My name is Helene and I’m an intern at SEACA. In the beginning, the relationship with SEACA started when they presented to my class in my freshman year of high school about the Youth Leadership Program (YLP). And since most of my year was going to attend their open house, I wanted to go as well. So I promised that I would join in the Spring, after finishing another commitment. I had nothing to lose by going to one meeting. Ironically by the time I did join YLP most of the people I knew from school had jumped ship. So going to SEACA forced me to meet new people. Honestly, it took me a while, but we slowly got to know each other. And it was these same 5-7 new friends that I kept seeing at SEACA. Of course, there were plenty of people that came and went, but that was our nucleus.
After joining YLP for that semester it seemed Youth Organizer (YO) was the logical next step. It’s what everyone else I met at YLP was doing so, why not? After all, I looked forward to enjoying their company every week. We always had a good laugh in between topics, loopy after a long day at school and commuting. And in my sophomore year, I still found myself coming to SEACA even as classes and activities demanded more from me. It was a safe space for me to be my goofy self when it felt like I had to be an adult everywhere else.
During my time at SEACA, I’ve learned through experiences and conversations at our weekly meetings. About community problems that were always there but I could never name, such as gentrification. And by learning techniques like advocating for our community’s needs, we tried to solve them and build a better community through compassion. One way I learned that was by understanding the vast diversity of experiences and perspectives of humans. Because of SEACA, I got to go to a summit in New York, representing them among hundreds of people from across the country, and talk about our work against gentrification. I even led a meeting with a smaller group of peers. That trip taught me hands-on facilitating and communication, something I’m not sure where else I could get. Plus a free plane ride to New York in the summer. And it’s a highlight of my time with SEACA. But even the small experiences like phone banking, door-to-door surveying, and listening to peers have grown me into a more compassionate person today.
Another factor for my growth was the environment that SEACA created, it was so understanding and non-judgemental. They fed and listened to a group of high schoolers’ problems every week. They took me in after high school, when I reached out, looking for a job for my gap year. They are accommodating to my working schedule and conditions. They pay me well for this internship, which I don’t take for granted as a recent high school graduate. SEACA genuinely cares about the youth in the Chinatown community, and I’m a prime example of that.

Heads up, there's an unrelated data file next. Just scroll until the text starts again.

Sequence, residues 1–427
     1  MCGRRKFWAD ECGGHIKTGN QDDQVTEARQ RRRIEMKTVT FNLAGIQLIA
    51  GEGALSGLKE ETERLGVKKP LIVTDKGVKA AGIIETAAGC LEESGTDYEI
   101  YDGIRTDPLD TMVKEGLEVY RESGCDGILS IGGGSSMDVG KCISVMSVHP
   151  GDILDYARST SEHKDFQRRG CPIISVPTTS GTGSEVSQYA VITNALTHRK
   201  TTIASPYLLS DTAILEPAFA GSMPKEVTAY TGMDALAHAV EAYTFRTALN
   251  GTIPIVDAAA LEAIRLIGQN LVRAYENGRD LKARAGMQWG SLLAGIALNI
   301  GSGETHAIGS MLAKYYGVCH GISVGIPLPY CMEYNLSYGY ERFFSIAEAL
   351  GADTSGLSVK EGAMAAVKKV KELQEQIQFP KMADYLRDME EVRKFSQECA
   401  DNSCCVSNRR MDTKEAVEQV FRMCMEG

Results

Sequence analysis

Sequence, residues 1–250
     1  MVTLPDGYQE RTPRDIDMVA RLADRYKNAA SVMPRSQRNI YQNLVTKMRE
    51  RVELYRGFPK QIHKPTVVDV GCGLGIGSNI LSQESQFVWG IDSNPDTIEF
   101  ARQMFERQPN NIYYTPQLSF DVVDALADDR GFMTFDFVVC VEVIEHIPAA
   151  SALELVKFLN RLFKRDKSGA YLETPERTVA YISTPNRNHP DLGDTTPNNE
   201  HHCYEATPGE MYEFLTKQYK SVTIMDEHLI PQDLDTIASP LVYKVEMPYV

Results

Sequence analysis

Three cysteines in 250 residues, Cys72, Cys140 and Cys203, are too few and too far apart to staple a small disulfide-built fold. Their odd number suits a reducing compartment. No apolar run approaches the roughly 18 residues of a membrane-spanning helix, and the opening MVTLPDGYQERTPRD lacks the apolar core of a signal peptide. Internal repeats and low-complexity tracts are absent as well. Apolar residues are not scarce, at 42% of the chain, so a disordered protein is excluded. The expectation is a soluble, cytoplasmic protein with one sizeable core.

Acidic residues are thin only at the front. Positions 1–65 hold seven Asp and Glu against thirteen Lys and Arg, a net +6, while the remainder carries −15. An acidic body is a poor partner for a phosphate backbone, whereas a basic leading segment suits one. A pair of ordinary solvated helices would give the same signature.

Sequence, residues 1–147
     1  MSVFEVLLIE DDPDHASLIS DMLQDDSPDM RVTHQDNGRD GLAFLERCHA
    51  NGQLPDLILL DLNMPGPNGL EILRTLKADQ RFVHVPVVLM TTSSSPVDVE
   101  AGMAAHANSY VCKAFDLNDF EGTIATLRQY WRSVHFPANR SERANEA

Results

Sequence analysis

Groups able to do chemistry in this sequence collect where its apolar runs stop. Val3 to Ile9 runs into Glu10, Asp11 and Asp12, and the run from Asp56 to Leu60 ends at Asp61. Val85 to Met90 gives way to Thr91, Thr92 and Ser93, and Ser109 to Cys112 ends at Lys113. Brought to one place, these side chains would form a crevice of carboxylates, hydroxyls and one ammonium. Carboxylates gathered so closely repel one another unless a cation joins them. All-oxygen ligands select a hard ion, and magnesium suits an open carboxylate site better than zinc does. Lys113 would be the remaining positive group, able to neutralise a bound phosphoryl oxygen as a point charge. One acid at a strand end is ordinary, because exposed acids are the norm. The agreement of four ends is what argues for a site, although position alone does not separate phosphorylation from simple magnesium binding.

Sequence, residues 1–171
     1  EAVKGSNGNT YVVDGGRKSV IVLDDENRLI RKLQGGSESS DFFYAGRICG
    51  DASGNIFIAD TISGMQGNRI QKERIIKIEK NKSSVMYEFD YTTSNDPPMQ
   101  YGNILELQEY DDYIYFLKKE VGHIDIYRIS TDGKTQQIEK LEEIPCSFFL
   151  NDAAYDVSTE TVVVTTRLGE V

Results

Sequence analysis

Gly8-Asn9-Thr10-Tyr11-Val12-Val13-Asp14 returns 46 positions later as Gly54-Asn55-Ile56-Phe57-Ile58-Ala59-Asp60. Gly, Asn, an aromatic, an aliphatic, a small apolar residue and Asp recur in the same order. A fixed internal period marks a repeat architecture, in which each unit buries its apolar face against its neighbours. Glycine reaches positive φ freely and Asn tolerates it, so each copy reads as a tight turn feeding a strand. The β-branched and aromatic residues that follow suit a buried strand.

That has genuinely been true through the pandemic where it’s clear that so many people in our neighborhoods are susceptible to uncontrollable events like COVID. That’s why the work we do at SEACA is so important. We’ve been able to make an immediate change by assisting families with rent assistance, providing groceries, and COVID supplies. That’s truly helping those who are most vulnerable in Chinatown currently at SEACA. But that doesn’t make the youth or advocating work we also do any less important. The pandemic has made everyone’s lives difficult but also led to this unique opportunity for me to be a part of this important work. It is a big reason why I decided to take a gap year and thus get to do this internship with SEACA. And it has allowed me to do community work in a different way than I have before. I’ve participated in public testimonies to get actions that SEACA believes in passed. Now I’m assisting in helping with research that will be used to help fight gentrification. And most importantly, I’ve become a leader and a teacher of the same programming I was taught not too long ago.
And to speak more about this internship, I started as an outreach coordinator/high school liaison. I was focused on recruiting students from Downtown Magnets, my former school. So I used my contacts to build a list of teachers, then reached out to schedule times for me to do a sales pitch to their students over zoom. From there I presented to over 20 classes in 2 weeks. Then I moved on to producing and editing social media content. I worked on multiple series of posts. Including one for promoting retainment and another about our Community Pact. Then I led and planned a full YO Meeting plus our summer retreat. I’ve certainly gained a ton of work experience, working and connecting with adults and youth alike. And I’m truly getting that internship experience, doing a bunch of little jobs in between everything I’ve listed.
So if you’re interested in any of the experiences I mentioned above, my advice to youth who want to get into community work is just to try it. Just sign up with SEACA or any other community organization and go to one meeting. Come open to learning and having these experiences. And from there, it’s your choice. All it’ll cost you is 2 hours.
In fact, that’s the mindset I will be using as I move on to college. I’ve been committed to Pomona College for nearly 2 years now. This gap year wasn’t the plan but I have enjoyed it. I’m grateful that everyone at SEACA has helped me through this year. Now I’m just looking forward to starting college and moving into the next part of my life. But I’ll never forget what SEACA has been able to do for me in this chapter. Thank you to everyone at SEACA for supporting me through this journey.